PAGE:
Why HB 5 is such a god-awful bill Skip to content

Why HB 5 is such a god-awful bill

It’s this year’s winner of the “How Bad a Bill Can We Write” award.

2 min read

It seems that in every session of the General Assembly, there is at least one bill that is so amazingly bad that the only reason for it to even be introduced is to give politicians something to run on in the fall.

This year’s House Bill 5, the so-called “Safer Kentucky Act,” is such a bill.

The 74-page (!) bill is supposedly an omnibus criminal justice bill. Instead, it actually is a collection of misguided, irresponsible, and downright hate-full policies that will take our state dramatically backward.

Here is a list of worst “features” of this trainwreck of a bill:

  • It puts homeless people in jail, just for being homeless. The bill starts with fining a homeless person up to $250 simply for sleeping in public or “camping” in public places. Of course – why didn’t we think of this sooner? Obviously, the best way to deal with people who cannot afford somewhere to live is to have them pay a fine with money they already don’t have. And if they don’t pay? They could wind up in jail. (“That’ll show ‘em!”)

    Homelessness is a problem – we get it. But there are proven ways to deal with it, and fines and jail are not among them. The only reason to put this in the bill is to show you are “tough on the homeless.” What brave legislators you are!
  • It will make our overdose problem worse, not better. Increasing the penalties for possession means that persons witnessing an overdose will NOT call for help, as they don’t want to get caught up in the resulting legal mess. And, people who might seek treatment will NOT do so, again because they are fearful of going to jail. MORE people will die of overdoses because of this bill.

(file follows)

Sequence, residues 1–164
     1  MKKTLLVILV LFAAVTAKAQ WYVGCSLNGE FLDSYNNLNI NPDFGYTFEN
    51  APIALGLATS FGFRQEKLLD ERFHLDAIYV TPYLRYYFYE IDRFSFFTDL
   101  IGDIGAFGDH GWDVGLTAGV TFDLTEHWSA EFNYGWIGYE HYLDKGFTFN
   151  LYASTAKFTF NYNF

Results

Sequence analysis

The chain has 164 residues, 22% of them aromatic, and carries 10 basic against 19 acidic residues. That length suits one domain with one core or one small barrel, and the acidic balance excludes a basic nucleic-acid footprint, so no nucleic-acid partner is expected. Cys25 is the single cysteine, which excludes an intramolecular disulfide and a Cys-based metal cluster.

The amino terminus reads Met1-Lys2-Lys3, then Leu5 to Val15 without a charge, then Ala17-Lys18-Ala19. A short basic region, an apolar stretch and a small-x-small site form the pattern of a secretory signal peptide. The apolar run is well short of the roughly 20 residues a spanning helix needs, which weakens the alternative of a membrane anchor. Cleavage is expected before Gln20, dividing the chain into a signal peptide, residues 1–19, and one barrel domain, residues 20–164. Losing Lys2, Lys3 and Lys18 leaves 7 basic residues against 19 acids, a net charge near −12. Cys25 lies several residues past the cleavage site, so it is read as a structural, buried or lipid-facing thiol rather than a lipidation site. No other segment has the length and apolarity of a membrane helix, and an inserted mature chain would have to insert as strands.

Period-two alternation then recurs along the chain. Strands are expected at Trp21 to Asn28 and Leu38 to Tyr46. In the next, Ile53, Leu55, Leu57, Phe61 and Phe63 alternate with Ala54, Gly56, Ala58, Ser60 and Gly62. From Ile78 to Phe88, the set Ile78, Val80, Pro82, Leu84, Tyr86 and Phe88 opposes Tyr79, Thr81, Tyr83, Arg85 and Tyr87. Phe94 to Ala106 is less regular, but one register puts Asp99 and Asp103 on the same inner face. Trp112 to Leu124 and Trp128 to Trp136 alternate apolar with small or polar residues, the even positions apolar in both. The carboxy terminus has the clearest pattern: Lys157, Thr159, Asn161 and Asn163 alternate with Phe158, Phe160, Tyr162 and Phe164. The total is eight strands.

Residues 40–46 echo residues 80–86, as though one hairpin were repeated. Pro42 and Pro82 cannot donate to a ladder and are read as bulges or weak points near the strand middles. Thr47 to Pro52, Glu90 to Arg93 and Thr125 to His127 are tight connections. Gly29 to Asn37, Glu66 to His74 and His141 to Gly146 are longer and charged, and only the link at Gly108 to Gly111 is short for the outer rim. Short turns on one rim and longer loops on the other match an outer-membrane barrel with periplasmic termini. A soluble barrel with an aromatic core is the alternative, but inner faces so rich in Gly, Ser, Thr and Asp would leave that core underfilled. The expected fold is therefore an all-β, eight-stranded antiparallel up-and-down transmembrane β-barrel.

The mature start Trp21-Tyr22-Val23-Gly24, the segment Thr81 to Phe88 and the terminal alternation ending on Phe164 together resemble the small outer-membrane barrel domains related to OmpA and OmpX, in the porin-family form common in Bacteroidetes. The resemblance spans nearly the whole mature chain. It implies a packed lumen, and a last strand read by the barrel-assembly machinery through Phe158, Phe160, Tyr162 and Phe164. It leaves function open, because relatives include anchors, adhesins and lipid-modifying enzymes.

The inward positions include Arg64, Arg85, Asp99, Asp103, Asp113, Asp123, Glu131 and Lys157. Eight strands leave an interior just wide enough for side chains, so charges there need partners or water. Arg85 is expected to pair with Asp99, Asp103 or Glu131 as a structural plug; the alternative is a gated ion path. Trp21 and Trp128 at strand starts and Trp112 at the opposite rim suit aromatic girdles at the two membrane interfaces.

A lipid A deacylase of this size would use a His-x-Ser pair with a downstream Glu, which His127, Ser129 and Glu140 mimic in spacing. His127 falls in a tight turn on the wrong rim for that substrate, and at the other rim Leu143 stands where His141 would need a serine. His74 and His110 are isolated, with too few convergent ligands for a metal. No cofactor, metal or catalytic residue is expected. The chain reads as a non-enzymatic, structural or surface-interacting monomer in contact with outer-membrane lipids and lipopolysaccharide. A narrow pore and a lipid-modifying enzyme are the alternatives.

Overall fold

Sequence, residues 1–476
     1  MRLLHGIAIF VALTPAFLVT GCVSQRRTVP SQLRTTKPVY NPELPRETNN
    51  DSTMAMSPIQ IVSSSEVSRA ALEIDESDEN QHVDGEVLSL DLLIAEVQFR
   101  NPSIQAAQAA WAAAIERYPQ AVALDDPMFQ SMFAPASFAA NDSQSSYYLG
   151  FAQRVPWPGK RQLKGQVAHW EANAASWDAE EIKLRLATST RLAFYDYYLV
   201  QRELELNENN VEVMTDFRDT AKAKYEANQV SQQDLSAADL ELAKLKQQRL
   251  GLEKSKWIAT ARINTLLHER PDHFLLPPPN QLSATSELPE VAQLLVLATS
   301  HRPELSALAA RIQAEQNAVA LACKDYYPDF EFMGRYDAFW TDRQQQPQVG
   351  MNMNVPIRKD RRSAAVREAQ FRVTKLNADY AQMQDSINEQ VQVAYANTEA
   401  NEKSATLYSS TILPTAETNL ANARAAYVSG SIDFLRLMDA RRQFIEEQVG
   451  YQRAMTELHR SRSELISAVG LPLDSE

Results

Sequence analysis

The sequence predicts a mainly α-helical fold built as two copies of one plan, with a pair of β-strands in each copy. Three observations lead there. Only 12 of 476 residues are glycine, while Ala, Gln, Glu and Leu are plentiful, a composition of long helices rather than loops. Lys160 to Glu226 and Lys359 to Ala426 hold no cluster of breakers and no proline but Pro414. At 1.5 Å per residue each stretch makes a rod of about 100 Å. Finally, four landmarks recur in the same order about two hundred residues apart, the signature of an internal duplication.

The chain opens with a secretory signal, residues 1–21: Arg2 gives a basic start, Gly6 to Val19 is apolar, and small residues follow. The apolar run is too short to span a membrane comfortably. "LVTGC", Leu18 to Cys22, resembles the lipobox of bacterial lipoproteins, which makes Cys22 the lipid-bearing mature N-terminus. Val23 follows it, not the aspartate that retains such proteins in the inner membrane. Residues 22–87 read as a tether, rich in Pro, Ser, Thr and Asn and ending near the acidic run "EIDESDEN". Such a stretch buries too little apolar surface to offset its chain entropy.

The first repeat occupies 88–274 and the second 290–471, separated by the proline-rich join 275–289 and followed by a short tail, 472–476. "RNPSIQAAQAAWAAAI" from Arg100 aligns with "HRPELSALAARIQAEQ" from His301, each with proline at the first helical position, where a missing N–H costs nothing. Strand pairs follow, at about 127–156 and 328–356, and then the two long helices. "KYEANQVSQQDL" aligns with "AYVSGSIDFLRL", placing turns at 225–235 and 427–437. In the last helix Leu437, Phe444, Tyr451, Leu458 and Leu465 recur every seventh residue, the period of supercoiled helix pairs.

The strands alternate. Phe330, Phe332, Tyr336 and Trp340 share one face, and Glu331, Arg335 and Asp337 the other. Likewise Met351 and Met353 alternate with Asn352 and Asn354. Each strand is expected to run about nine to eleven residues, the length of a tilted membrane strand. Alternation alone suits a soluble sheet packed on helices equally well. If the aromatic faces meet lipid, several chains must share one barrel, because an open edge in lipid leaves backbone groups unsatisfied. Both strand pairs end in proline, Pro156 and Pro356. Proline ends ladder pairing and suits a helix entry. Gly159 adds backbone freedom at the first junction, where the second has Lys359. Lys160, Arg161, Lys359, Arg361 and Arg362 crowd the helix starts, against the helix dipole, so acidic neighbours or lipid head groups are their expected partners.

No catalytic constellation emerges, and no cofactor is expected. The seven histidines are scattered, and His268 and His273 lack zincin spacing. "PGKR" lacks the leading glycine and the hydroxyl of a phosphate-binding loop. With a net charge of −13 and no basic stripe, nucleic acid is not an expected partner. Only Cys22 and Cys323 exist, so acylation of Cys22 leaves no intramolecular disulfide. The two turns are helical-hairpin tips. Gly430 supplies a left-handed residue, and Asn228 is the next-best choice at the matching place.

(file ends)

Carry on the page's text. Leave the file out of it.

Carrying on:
• It turns renters into felons. The bill lowers the threshold for “felony vandalism” to include damages that renters do to rental property. Renters already pay security deposits to cover such damages. Turning them into felons is unnecessary, and is another win for the incarceration industry.
  • It uses outdated policies that have been proven not to work. The bill’s sponsors say that putting more people in jail and prison will lower the crime rate. If that were true, Kentucky would have the lowest crime rate in the United State, since we already put more people behind bars than any democratic country on earth. Obviously, increasing penalties and putting even more people behind bars is NOT the right idea.
  • It will actually damage our state financially. Beyond the cost to human lives outlined above, this bill would dramatically increase what our state spends on dealing with crime. More trials, more courtrooms, more jails and prisons, more guards – more of everything in the criminal justice system. And for what? For some politician to say they were “tough on crime.”

Any one of the above problems should be enough to kill this bill. All of them together should cause the Kentucky Senate to stuff this bill into the nearest trash receptacle and never mention it again.

If you want to stop this collection of bad ideas and worse policies, call the Legislative Comment Line at (800) 372-7181 and leave a message for your senator — or for all senators — to tell them to vote against House Bill 5.


Print Friendly and PDF

Bruce Maples

Bruce Maples has been involved in politics and activism since 2004, when he became active in the Kerry Kentucky movement. (Read the rest of his bio on the Bruce Maples Bio page in the bottom nav bar.)

Twitter Facebook Website Louisville, KY



How’s Democracy doing in Kentucky?

How’s Democracy doing in Kentucky?

Kimberly, Doug and Martina cover the breaking political news from Kentucky, and then interview Hadley Duvall, the heroic sexual abuse survivor who reclaimed her story and helped swing last year’s elections. Finally, we close out with a critical call to action to protect public education.

Members Public